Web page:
In keeping with the sustainable ethos and protecting the places we play, Pacifico and Quiksilver will celebrate the products’ launch by hosting two beach cleanups. The first is on July 5 at Sunset Point in Malibu, California, from 4-5:30pm, and the second is on July 9th at Deerfield Beach in Florida from 8:30 – 10:30am.

pacifico quicksilver clothing lineCleaning up and looking good while doing it

Theses beach cleanups are open to anyone over the age of 21 who’s ready to have some fun while taking care of nature’s playground.

Those who can’t make it to the beach (bummer, dude) don’t have to miss out on all the fun. The new collection will be available on July 5th at www.quiksilver.com/mens-collab-pacifico. And even if you don’t surf, never plan to surf, have no desire to even be near a surfboard, rest assured, the apparel is still cool. Plus sustainable choices are always good fashion.

Our planet provides us with an endless supply of beauty and adventure. But without more mindful actions from humanity, its natural wonders will eventually diminish. Fortunately Pacifico and Quiksilver are making it easier than ever for people to enjoy the great outdoors without jeopardizing it. That’s a wave worth riding.

This article originally appeared on 09.06.17


Being married is like being half of a two-headed monster. It's impossible to avoid regular disagreements when you're bound to another person for the rest of your life. Even the perfect marriage (if there was such a thing) would have its daily frustrations. Funnily enough, most fights aren't caused by big decisions but the simple, day-to-day questions, such as "What do you want for dinner?"; "Are we free Friday night?"; and "What movie do you want to see?"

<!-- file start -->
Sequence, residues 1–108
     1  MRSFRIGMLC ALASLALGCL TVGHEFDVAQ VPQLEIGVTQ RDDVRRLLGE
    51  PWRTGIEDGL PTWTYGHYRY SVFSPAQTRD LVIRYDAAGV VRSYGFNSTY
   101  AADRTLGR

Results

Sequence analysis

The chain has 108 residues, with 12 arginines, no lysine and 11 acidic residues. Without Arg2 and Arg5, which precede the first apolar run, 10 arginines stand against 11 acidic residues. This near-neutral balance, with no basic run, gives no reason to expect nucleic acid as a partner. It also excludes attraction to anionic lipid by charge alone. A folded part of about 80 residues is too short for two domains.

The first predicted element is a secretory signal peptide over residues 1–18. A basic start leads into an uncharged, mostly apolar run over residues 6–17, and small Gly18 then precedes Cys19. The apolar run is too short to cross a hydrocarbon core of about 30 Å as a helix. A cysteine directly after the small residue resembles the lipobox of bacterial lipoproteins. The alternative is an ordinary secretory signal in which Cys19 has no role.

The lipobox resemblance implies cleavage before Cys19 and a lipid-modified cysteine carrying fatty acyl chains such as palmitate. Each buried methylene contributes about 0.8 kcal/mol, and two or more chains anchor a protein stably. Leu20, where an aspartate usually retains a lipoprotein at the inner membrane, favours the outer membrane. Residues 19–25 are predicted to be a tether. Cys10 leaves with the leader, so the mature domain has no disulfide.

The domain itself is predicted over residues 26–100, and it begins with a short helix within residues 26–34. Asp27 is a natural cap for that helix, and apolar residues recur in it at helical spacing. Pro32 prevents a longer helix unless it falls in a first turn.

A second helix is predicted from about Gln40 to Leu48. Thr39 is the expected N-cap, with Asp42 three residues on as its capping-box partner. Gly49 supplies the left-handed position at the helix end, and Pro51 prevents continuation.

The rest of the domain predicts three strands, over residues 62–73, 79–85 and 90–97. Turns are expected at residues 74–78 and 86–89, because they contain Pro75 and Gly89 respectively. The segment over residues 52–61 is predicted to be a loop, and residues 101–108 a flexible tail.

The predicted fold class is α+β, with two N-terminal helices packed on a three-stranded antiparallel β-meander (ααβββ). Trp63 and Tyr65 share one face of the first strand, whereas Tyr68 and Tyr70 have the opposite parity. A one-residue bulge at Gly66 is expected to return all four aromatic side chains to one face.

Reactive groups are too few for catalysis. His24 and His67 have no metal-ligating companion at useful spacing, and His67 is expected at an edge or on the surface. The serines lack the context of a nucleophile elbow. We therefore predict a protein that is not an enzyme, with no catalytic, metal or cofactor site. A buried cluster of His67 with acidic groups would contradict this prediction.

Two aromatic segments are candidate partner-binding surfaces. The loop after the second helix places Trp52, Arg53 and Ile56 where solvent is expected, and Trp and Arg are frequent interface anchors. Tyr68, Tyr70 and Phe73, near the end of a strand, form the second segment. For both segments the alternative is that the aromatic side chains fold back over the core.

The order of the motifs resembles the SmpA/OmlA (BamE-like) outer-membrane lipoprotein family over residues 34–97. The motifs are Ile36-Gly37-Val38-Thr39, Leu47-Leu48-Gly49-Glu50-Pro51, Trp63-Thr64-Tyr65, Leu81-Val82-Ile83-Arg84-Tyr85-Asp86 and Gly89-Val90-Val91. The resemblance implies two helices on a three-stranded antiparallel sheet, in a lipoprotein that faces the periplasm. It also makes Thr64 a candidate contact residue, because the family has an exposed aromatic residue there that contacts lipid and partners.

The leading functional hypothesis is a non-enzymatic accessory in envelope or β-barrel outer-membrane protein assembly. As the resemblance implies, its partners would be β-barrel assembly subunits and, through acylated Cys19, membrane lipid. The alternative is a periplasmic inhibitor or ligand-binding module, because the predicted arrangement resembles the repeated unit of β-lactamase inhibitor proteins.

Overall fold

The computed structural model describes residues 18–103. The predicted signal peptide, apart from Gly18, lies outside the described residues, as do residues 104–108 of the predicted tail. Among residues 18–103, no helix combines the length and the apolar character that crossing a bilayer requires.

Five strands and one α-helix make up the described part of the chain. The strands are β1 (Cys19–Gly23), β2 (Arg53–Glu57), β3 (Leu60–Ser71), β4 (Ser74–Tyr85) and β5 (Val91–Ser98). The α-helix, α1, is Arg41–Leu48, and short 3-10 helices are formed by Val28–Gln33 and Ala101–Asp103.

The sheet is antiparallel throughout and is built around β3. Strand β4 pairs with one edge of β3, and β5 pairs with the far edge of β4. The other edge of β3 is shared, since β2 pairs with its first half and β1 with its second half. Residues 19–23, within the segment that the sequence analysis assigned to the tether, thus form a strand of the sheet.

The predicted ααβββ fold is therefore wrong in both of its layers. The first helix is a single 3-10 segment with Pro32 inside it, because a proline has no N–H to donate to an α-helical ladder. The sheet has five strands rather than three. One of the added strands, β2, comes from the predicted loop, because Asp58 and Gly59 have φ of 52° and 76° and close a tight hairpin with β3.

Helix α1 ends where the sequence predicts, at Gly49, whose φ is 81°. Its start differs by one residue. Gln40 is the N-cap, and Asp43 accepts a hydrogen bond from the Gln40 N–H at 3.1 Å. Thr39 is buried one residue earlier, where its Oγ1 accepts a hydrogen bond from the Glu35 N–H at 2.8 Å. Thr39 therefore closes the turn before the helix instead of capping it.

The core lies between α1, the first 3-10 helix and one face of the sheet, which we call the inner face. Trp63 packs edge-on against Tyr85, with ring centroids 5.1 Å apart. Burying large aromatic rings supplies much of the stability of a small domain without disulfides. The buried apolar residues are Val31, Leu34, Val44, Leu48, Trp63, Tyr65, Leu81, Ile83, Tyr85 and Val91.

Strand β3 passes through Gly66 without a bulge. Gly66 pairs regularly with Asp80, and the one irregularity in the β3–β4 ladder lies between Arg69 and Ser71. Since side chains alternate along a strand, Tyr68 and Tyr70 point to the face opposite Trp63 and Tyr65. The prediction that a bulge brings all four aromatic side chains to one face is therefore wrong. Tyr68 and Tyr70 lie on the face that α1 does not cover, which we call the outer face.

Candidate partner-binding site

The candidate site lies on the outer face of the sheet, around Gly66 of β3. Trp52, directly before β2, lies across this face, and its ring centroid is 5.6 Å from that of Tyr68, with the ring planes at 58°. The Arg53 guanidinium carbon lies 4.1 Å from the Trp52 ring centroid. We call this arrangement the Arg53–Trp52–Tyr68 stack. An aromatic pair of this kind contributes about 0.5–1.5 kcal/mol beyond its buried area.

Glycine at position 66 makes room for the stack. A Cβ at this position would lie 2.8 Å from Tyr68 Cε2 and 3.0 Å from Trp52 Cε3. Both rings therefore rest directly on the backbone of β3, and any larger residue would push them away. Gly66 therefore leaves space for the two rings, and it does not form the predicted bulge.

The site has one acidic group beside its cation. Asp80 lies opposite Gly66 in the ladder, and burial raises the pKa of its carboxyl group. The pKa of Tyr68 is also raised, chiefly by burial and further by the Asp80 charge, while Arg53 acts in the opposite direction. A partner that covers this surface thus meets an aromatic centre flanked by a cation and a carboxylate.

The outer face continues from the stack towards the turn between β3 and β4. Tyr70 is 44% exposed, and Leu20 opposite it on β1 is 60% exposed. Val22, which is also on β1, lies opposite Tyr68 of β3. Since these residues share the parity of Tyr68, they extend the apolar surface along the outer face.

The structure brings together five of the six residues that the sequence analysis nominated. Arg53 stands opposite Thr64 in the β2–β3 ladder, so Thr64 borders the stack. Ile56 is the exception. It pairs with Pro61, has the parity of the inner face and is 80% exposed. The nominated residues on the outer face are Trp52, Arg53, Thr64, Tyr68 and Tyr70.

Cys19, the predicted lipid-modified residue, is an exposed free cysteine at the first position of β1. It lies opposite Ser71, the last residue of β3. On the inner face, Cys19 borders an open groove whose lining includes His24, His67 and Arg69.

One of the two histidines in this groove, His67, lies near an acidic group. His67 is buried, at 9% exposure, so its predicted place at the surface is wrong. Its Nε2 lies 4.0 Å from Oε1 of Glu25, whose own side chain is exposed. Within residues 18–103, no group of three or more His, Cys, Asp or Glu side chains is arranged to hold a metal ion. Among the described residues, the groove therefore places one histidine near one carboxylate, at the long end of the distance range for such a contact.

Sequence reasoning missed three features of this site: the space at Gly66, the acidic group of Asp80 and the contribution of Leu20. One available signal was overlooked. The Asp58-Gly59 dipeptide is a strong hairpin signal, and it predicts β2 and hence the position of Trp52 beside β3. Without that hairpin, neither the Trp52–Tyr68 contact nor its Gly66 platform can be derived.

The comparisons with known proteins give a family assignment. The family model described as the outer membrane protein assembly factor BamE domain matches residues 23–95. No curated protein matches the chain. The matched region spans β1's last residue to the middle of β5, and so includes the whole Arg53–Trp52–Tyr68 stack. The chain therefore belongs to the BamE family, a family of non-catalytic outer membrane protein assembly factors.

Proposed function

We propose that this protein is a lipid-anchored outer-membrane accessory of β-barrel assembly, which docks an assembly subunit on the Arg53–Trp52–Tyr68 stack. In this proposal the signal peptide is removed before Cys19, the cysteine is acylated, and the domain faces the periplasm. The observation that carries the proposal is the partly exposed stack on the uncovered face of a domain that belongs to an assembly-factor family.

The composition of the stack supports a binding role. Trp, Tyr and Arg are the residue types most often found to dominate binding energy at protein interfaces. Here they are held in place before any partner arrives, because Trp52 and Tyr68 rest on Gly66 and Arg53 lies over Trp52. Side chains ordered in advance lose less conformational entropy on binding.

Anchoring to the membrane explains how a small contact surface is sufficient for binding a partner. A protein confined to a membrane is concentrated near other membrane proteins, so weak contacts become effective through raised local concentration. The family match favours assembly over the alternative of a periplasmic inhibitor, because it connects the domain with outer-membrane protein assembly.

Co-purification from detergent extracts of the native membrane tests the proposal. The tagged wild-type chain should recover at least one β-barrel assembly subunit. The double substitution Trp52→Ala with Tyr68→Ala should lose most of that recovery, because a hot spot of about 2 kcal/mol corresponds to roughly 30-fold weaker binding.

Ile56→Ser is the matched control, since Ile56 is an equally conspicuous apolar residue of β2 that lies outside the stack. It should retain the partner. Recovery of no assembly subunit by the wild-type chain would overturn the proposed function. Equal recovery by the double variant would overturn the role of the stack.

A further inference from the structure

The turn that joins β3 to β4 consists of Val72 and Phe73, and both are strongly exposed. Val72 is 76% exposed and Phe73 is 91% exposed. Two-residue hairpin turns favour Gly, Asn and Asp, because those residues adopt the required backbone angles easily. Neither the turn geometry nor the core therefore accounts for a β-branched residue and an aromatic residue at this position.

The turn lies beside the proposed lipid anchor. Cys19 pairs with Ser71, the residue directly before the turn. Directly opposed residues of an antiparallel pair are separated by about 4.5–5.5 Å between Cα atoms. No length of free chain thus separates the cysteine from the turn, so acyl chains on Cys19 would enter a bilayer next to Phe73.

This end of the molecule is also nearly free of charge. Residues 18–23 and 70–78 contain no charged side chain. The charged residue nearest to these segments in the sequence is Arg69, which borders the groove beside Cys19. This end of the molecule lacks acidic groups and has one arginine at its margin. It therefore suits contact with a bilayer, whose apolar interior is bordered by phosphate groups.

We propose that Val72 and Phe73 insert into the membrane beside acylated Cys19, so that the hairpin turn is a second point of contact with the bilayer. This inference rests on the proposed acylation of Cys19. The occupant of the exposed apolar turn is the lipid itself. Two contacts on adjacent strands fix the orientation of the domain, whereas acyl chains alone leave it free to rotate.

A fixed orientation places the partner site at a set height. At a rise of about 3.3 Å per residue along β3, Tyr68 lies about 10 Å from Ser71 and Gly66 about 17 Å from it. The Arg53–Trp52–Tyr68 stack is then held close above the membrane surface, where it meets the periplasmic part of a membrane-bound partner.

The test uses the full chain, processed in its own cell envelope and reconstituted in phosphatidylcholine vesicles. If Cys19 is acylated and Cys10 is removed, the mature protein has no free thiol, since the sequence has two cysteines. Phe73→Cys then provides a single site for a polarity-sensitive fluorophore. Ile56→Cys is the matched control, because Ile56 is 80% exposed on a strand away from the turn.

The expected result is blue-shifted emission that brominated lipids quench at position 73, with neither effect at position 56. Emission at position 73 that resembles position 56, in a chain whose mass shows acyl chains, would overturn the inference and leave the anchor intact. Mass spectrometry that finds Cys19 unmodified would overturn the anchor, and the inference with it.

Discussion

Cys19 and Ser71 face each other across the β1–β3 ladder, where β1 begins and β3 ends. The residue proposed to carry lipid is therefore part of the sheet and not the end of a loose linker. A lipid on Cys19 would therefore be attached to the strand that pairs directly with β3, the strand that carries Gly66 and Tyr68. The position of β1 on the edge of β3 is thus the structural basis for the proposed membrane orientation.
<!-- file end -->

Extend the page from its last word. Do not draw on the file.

Here are some hilarious tweets that just about every married couple will understand.

Keep ReadingShow less

The dog lovers in your neighborhood.

Is there anything that dogs can’t improve? They make us healthier, happier and even more attractive. That’s right. If you have a photo with your dog in a dating profile people are more likely to swipe right.

Now, a new study reported by Ohio State News shows that having more dogs in your neighborhood can make you safer by lowering the overall crime rate.

The study, conducted by sociologists at Ohio State, was recently published in the journal Social Forces.

According to researchers, dog-walking isn’t just about getting exercise—it makes us all security guards whether we know it or not.

“People walking their dogs are essentially patrolling their neighborhoods,” Nicolo Pinchak, lead author of the study, told Ohio State News. “They see when things are not right, and when there are suspect outsiders in the area. It can be a crime deterrent.”

Keep ReadingShow less
Photo by Syed Ali on Unsplash

Mosquitoes are attracted to certain viral smells in both humans and mice.

As much as I love summer, there is one thing I could do without: bugs. More specifically, mosquitoes. Those pesky little buggers can wreak havoc on a beautiful summer day. Who hasn't spent time outside in summer and then come in all itchy and covered in bites? There are multiple reasons why some people are more susceptible to mosquito bites than others, but there's a new one that likely isn't on people's radars. Mosquitoes could be attracted to the odor certain viruses create in the body.

There is evidence that mosquitoes are attracted to the odor given off by mice infected by the parasite that causes malaria. Now, a team is looking at how the scent of mosquito-borne viruses such as dengue and Zika would attract mosquitoes to people rather than mice.

Keep ReadingShow less